It was a vision of the search for extraterrestrial intelligence that was never meant to be. In 1971, NASA’s Ames Research Center, under the direction of two of SETI’s great heavyweights — Hewlett–Packard’s Barney Oliver and NASA’s Chief of Life Sciences, John Billingham — sponsored a three-month wor Full story
Any intelligent extraterrestrial life that exists probably won't announce itself by blowing up the White House, or win over the hearts of children as a lovable alien with a glowing finger. Many scientists simply hope to find evidence of them by scanning the skies for a radio signal from a distant st Full story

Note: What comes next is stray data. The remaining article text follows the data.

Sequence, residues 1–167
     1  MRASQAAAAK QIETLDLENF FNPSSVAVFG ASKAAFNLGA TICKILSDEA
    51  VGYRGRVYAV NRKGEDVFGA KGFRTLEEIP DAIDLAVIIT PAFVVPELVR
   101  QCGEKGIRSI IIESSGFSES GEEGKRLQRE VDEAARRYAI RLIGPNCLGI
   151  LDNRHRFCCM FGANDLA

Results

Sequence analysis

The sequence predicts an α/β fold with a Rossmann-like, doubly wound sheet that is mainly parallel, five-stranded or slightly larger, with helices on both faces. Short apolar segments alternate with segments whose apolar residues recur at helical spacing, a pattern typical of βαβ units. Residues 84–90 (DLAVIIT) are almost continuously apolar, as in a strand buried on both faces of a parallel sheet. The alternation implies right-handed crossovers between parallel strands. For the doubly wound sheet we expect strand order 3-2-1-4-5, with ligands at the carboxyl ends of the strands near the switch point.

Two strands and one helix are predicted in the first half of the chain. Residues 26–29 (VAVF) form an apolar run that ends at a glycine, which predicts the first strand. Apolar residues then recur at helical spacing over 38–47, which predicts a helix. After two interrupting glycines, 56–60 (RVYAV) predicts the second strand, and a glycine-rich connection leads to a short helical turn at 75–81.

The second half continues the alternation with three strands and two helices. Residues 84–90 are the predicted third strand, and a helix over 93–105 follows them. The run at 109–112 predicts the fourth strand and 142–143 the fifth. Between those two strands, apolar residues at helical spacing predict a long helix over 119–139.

The recent rapid pace of discovery of "candidate planets" — distant worlds that seem suitable for life — make scientists engaged in the search for extraterrestrial intelligence, or SETI, hopeful that they could find alien signals within the next 15 years. Full story
SETI astronomer Jill Tarter looks to the skies from the radio dish that bears her name at the Allen Telescope Array in Northern California.
The best part of this type of search for extraterrestrial intelligence, or SETI, study is that the data may already be in hand.